News & Insights for the AI Journey|Sunday, June 16, 2019
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Are Bachelor’s Degrees All They’re Cracked Up to Be? 

<img style="float: left;" src="" alt="" width="95" height="50" border="0" />As the U.S. manufacturing sector fights to stay competitive on a global scale, the issue of improving STEM education has been key. But in a recent study measuring how workers in STEM fields are putting their educations to use it was found that half didn't need a bachelor's degree.

The issue of cultivating a vast and well-equipped workforce comes to the fore as U.S. manufacturing fights to stay competitive on a global scale. Naturally, a focus on STEM education would follow. However, in a recent study measuring how workers in STEM fields are putting their educations to use, it was found that half didn't need a bachelor's degree.

"There's a sense that the only route to the middle class now is a bachelor's degree or higher, and I would say that's the surest route," says Jonathan Rothwell, the researcher responsible for the study. But it's not always necessary. Rather than accruing massive debt, Rothwell expressed that he wanted people to know that there were other ways to acquire those skills.

Quartz writer Tim Fernholz pointed to machining as a prime example of this in action. Because sophisticated automated mills are often at the heart of these processes, the workers that draft and model the designs sent to those mills need a fair dose of computing and engineering skills. And these aren't the only times of STEM professionals who passed the university system by: machinery technicians, health-care workers and mechanics were also on the list.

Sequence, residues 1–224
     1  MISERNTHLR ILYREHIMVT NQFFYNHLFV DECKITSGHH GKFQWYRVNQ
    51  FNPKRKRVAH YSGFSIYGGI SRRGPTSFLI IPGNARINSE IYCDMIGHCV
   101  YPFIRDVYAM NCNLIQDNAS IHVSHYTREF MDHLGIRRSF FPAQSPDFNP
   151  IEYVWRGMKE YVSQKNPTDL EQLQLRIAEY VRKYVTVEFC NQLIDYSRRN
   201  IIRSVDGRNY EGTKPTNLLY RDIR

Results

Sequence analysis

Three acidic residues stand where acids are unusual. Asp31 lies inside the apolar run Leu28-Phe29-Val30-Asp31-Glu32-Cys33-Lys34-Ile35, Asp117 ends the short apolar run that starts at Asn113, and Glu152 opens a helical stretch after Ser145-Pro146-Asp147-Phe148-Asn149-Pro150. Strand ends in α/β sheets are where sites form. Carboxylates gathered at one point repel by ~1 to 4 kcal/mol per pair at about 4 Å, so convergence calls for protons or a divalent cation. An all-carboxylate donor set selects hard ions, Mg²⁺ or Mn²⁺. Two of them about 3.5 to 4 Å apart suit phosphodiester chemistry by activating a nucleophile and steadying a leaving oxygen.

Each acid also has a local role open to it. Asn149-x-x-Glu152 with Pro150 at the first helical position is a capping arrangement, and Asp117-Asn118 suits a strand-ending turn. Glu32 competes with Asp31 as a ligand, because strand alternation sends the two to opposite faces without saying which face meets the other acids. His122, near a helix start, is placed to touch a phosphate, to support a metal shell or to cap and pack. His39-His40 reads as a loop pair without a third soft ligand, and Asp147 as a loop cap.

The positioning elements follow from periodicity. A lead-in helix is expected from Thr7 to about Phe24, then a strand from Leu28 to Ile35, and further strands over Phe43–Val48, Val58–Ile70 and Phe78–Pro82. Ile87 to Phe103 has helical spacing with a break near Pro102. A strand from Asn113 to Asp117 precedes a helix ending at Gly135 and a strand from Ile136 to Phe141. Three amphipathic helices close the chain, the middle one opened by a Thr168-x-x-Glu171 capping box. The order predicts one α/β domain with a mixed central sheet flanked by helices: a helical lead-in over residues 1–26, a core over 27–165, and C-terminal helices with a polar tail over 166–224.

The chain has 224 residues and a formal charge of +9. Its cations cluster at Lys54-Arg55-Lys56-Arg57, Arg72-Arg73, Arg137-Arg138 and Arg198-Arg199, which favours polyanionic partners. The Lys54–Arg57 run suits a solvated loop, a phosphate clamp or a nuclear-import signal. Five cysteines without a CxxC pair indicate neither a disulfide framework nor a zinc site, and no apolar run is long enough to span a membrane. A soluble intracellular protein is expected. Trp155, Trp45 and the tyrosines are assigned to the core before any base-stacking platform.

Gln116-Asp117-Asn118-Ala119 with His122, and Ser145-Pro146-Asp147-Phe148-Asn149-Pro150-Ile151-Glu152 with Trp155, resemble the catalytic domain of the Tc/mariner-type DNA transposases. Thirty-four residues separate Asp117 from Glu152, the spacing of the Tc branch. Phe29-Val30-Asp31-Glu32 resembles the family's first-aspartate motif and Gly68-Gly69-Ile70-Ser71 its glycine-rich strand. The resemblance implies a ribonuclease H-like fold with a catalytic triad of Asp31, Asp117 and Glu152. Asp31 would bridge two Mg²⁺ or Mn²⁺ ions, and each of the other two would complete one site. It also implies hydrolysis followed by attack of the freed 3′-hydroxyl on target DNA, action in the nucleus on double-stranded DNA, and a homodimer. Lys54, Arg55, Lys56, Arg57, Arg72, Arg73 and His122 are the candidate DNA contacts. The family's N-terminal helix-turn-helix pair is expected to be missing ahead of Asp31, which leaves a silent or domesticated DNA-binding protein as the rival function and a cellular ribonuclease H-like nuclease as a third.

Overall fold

Whereas historically we have looked at credentials over on-the-job qualifications, this could be an indicator of changing tides. The study found that "blue collar" STEM jobs offered significant wage premiums over those of similarly educated workers, just as a bachelor's degree does in STEM fields. It also found that only 26 percent of STEM workers had a bachelor's degree.

Still, the problem remains that across the public and private sector, recruitment and investments still go primarily to four-year college programs. Instead, Rothwell says that more attention and funding should be targeted at community colleges offering vocational training for STEM-related jobs.

And this isn't the only hurdle. Surveys are showing that companies are cutting back on on-the-job training for their employees, despite complaining about a skills shortage.

But if companies were able to adjust their game plan, it could have serious implications for U.S. Manufacturing, as outsourcing hot spots like Mexico and China have already demonstrated what value an emphasis on “blue collar” STEM can add as far as competitiveness is concerned.

Full story at Quartz

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